The Germans being outnumbered is due to Hitler's stupidity in trying to take on the world. Germany just didn't have the manpower or resources to do such a thing. I'll admit, this was a disadvantage for Guderian that might have caused him to lose battles he could have otherwise won. But regardless, he lost battles. Patton didn't. As I said before, a great tactician should be able to utilize a small army well. And, one could argue that being a general (especially a tank commander) and a great tactician means you should make absolutely sure your tanks have air cover. Any defeat caused by the lack of air support for tanks would be partially Guderian's fault.

"'Germany had Panzers and Tigers, which were superior to the US's Shermans.' Thanks to Guderian."

You are right. However, if it weren't for Patton, there would be no tank corps in the US. Not to mention the immense production of Shermans compared to the short supply of Panzers and Tigers.

"However Guderian had more experience as being a commander. He commanded large quantities of forces throughout WWII while Patton began commanding forces only in 1942 by which time the Germans had already been weakened."

With all due respect, you are wrong on this point. While Guderian commanded more men in WW2 than Patton did, Patton was commanding men in the Mexican Revolution. Then he went on to command men in WW1 and WW2.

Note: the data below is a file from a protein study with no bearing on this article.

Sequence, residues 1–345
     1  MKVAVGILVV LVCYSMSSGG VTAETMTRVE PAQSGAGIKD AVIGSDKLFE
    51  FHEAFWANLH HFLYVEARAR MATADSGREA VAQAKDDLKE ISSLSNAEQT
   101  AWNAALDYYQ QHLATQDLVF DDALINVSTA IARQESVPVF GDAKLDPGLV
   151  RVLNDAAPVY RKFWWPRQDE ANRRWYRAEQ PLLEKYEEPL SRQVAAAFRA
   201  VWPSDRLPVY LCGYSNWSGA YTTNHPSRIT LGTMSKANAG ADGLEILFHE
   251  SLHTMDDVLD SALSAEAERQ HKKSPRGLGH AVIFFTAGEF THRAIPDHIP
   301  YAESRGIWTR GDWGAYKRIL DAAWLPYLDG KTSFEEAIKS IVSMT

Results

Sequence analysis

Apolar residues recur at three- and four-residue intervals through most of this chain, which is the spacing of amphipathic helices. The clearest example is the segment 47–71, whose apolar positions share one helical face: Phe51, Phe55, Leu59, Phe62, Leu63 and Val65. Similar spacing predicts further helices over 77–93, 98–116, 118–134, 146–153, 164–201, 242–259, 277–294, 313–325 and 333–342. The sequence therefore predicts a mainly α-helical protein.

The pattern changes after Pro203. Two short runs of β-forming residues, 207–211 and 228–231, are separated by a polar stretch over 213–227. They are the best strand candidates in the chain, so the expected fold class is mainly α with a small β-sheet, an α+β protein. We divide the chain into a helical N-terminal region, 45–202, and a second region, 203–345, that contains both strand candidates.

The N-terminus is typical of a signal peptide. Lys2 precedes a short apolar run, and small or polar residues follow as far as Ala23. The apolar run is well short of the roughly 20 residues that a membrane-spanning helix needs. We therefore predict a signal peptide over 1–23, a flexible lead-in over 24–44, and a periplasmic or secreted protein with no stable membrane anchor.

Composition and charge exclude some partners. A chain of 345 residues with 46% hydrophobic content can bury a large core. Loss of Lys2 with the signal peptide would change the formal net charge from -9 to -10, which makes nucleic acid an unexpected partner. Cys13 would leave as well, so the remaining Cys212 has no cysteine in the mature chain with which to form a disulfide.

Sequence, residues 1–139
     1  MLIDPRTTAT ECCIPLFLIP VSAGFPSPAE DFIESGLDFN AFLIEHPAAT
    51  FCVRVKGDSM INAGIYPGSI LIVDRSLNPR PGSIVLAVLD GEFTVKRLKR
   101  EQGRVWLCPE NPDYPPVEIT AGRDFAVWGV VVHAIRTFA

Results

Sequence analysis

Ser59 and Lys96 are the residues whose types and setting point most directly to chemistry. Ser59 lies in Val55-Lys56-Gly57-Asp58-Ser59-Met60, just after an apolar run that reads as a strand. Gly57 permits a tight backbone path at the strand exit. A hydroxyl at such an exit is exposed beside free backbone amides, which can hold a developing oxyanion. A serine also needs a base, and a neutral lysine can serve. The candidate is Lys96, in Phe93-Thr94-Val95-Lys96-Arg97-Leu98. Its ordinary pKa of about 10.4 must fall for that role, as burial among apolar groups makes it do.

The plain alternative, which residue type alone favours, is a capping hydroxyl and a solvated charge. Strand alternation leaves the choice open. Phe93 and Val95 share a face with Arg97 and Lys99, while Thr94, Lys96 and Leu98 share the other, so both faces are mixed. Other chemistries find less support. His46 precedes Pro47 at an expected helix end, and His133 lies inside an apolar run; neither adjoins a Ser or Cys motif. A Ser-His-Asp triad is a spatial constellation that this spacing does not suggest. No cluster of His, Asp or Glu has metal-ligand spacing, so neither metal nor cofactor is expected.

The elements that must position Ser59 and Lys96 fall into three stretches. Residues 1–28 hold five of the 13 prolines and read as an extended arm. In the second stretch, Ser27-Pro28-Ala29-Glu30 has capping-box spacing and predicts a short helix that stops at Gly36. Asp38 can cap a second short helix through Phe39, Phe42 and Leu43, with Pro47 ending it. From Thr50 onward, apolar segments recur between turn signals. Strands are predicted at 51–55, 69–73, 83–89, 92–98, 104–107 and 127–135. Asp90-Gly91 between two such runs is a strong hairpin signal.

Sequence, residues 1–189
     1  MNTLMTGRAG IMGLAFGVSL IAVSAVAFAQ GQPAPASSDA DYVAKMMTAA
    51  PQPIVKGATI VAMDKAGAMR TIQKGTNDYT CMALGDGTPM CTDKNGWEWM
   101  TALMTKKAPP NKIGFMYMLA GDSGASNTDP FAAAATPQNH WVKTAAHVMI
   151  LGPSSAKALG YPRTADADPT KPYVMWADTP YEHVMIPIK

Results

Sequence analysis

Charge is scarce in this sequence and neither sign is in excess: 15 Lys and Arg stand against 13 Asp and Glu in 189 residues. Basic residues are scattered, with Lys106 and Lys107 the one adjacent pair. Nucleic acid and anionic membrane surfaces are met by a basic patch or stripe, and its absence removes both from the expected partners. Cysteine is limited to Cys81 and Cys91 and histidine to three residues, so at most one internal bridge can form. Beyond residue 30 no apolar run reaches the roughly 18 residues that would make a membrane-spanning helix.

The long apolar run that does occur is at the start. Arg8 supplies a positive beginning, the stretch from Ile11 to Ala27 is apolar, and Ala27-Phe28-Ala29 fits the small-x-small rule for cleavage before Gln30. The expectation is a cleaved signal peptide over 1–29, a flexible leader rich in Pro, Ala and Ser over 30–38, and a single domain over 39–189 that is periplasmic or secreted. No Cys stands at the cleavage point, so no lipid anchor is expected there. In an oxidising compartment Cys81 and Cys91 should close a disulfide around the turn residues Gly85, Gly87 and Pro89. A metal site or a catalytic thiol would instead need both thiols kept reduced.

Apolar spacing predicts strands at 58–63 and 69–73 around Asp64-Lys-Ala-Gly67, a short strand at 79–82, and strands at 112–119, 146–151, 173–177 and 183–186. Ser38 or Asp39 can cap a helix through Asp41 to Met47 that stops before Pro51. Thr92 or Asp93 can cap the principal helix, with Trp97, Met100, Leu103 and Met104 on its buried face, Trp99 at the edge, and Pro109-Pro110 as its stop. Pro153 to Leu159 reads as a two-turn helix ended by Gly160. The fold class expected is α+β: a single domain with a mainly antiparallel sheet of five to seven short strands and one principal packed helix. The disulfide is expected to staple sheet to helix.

"Good, Con basically admits that many of Patton's victories were due to numbers. Victories due to numbers bring up this question: "what if size of the army Patton had been facing was equal in size?"

1. I never denied that Patton had greater numbers. 2. If he was outnumbered, who knows? The thing is, Patton was so driven and so blood-thirsty that he probably could have won.

"Like Patton, Guderian never really suffered a defeat. Guderian lost at Moscow, however that was not really a defeat for him. It was a defeat for Hitler. <---Con fails to contradict this."

I believe I did contradict this.

"While Patton almost always had a numerical advantage, Guderian was almost always outnumbered. <---Con admits to this."

Again, I never denied this.

"Guderian developed the Blitzkrieg tactics... <---Con completely ignores this. Guderian developed tactics that were used by many other generals, even Patton in some cases."

I never denied this either.
---